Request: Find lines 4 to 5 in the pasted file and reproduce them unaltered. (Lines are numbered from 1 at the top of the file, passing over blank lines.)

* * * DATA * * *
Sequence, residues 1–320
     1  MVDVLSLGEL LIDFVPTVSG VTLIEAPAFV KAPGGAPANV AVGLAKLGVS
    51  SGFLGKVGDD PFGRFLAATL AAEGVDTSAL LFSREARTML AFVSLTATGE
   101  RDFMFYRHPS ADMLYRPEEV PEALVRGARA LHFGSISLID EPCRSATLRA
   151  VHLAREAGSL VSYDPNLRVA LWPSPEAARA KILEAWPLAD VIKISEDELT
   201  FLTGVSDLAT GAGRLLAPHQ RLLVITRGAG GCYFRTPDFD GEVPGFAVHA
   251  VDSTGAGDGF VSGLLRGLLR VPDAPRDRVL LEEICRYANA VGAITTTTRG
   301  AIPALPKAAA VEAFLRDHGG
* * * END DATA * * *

   101  RDFMFYRHPS ADMLYRPEEV PEALVRGARA LHFGSISLID EPCRSATLRA
   151  VHLAREAGSL VSYDPNLRVA LWPSPEAARA KILEAWPLAD VIKISEDELT